Exporters of non-Basmati rice have requested the government to identify those firms who have consistently paid Minimum Support Price (MSP) to paddy farmers and declare them as the “preferred counterparties” for export collaborations. The request has come after the Centre appointed the newly created National Cooperative Exports Ltd as the canalising agency for government-to-government deals.
In a letter to the Cooperation Ministry, The Rice Exporters Association (TREA) said that it appreciates the government’s initiative in promoting rice exports, which are under prohibition, through Cooperatives for other countries’ requirements. However, as millers and exporters have made significant investments in creating manufacturing facilities, they too want to be considered in execution of the overseas orders.
The association said it is ready to source rice from farmers’ producers organisation in view of the Centre’s objective of allowing NCEL to handle government-to-government deals.
“We are eager to collaborate and actively participate in the execution of these overseas orders. If acceptable, we are open to signing back-to-back contracts with an overriding commission to cooperatives, similar to the practice with other state-run organisations,” TREA said in a letter to Union Cooperation Secretary Gyanesh Kumar.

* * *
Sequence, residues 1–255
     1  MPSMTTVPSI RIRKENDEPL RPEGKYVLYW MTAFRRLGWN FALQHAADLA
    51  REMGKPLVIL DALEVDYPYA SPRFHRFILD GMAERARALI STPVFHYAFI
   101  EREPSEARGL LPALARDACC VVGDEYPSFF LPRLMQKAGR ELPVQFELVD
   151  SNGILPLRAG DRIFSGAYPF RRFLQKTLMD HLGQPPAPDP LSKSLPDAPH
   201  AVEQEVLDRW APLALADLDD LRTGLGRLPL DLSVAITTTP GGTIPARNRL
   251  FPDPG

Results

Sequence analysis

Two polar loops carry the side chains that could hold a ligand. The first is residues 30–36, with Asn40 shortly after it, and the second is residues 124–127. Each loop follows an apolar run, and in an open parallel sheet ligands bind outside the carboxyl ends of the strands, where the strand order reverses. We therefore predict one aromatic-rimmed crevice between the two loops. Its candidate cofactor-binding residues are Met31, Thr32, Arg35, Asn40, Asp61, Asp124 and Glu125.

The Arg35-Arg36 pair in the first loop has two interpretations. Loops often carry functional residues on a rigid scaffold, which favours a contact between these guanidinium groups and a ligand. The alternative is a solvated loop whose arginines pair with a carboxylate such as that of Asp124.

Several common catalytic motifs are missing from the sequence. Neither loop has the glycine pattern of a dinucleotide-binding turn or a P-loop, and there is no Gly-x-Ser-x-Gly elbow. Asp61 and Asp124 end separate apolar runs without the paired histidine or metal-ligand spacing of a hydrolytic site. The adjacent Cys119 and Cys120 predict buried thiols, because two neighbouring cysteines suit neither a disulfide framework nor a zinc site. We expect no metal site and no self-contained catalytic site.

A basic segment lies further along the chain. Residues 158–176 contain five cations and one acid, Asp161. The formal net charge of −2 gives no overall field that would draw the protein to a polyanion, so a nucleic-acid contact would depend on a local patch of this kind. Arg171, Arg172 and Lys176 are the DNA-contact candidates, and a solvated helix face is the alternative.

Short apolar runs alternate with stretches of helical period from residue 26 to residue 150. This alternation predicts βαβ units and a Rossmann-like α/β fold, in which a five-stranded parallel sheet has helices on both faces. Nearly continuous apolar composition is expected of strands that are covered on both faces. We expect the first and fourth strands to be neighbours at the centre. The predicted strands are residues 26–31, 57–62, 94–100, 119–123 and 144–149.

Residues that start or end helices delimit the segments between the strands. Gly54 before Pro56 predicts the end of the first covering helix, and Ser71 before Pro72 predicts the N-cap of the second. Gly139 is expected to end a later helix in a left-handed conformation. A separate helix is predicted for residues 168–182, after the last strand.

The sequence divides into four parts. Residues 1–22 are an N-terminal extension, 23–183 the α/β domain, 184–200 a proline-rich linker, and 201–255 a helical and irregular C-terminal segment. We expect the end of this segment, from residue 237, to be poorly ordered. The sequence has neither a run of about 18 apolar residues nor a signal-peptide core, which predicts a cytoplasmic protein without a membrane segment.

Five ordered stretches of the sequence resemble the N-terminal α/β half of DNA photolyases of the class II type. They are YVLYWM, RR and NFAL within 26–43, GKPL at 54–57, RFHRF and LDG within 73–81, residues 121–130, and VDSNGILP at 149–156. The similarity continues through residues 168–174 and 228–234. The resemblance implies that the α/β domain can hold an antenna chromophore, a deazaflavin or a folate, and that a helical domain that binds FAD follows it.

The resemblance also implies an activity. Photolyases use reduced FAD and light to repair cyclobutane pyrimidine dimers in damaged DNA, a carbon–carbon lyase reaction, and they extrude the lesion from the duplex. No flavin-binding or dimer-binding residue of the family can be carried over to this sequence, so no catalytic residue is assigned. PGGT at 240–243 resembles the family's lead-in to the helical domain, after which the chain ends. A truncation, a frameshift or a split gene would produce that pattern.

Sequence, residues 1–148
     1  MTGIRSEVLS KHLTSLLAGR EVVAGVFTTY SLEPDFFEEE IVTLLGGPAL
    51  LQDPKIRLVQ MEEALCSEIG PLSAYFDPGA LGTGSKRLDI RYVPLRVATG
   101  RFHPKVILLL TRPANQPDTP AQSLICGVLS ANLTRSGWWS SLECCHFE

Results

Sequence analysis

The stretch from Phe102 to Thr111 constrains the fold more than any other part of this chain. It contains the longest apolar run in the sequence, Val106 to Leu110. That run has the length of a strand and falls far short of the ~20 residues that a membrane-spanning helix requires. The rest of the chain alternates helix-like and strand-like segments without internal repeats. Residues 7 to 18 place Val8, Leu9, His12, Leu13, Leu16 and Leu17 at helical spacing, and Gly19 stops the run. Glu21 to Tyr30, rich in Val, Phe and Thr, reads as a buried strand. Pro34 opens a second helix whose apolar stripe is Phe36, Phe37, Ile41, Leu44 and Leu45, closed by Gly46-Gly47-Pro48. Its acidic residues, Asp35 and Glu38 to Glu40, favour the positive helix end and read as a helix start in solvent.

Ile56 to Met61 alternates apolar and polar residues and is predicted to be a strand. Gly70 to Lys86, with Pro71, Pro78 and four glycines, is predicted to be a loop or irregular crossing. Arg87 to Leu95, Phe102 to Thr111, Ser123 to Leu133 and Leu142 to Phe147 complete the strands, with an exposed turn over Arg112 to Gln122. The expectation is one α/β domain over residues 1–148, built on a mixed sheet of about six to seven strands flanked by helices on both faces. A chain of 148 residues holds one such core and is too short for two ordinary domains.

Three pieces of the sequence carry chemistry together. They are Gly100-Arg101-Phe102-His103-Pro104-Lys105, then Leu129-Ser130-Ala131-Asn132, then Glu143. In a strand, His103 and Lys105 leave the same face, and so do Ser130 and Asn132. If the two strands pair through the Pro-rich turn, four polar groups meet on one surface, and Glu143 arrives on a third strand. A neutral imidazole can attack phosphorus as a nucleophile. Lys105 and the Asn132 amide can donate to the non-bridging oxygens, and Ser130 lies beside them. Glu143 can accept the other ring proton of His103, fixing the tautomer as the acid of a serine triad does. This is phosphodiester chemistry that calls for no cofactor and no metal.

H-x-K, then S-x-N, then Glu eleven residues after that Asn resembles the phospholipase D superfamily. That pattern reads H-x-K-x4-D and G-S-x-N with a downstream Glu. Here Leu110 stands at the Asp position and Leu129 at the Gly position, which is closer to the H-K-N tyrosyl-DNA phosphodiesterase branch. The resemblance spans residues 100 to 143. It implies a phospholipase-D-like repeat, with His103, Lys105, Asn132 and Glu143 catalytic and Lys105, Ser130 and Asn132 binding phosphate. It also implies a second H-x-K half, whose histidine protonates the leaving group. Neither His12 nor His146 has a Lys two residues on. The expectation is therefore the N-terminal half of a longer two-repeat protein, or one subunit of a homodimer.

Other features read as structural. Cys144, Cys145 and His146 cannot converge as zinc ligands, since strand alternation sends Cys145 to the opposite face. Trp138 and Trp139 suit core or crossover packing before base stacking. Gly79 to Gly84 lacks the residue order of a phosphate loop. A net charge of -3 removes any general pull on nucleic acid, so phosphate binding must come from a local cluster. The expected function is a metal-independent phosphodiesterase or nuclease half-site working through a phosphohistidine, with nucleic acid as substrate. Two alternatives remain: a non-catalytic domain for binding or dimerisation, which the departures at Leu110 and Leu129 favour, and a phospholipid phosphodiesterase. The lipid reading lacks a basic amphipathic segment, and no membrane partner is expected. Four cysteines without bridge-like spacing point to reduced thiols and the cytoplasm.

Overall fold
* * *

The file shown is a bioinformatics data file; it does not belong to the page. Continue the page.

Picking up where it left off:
The exporters’ body has proposed a joint meeting of related agencies/organisations such as APEDA and the Cooperation Ministry with its members to take the initiative forward. “Such a meeting would provide an opportunity for open dialogue, collaboration, and establishment of a clear path forward that aligns with the goals of all stakeholders.” it said.
Highlighting that the exporters and millers employ thousands of workers in each major unit, the current ban on non-Basmati exports is impacting lakhs of workers. The government has allowed only parboiled rice in the non-Basmati category with 20 per cent export duty; which recently got extended until March 31, 2024.
The industry body has also said that its members have consistently exported an average of 10 million tonnes annually over the past five years, whereas cooperatives, collectively, have not achieved even 10,000 tonnes annually. “For the efficient distribution of overseas orders, it seems logical and fair to consider past performance as the basis,” TREA President BV Krishna Rao said in the letter.
The share of non-Basmati rice in the overall rice exports from the country is about 80 per cent, TREA said, stressing that 18 million tonnes of non-Basmati rice are shipped to 165 countries with a 42 per cent market share in global trade. But, the rice trade is facing unprecedented challenges after the prohibition and restrictions on rice exports, it said.
India has been getting specific requests from different countries such as Singapore, Bhutan, Mauritius and the United Arab Emirates (UAE), and the government has been allowing the export of substantial quantities of white rice through the National Cooperative Export Ltd.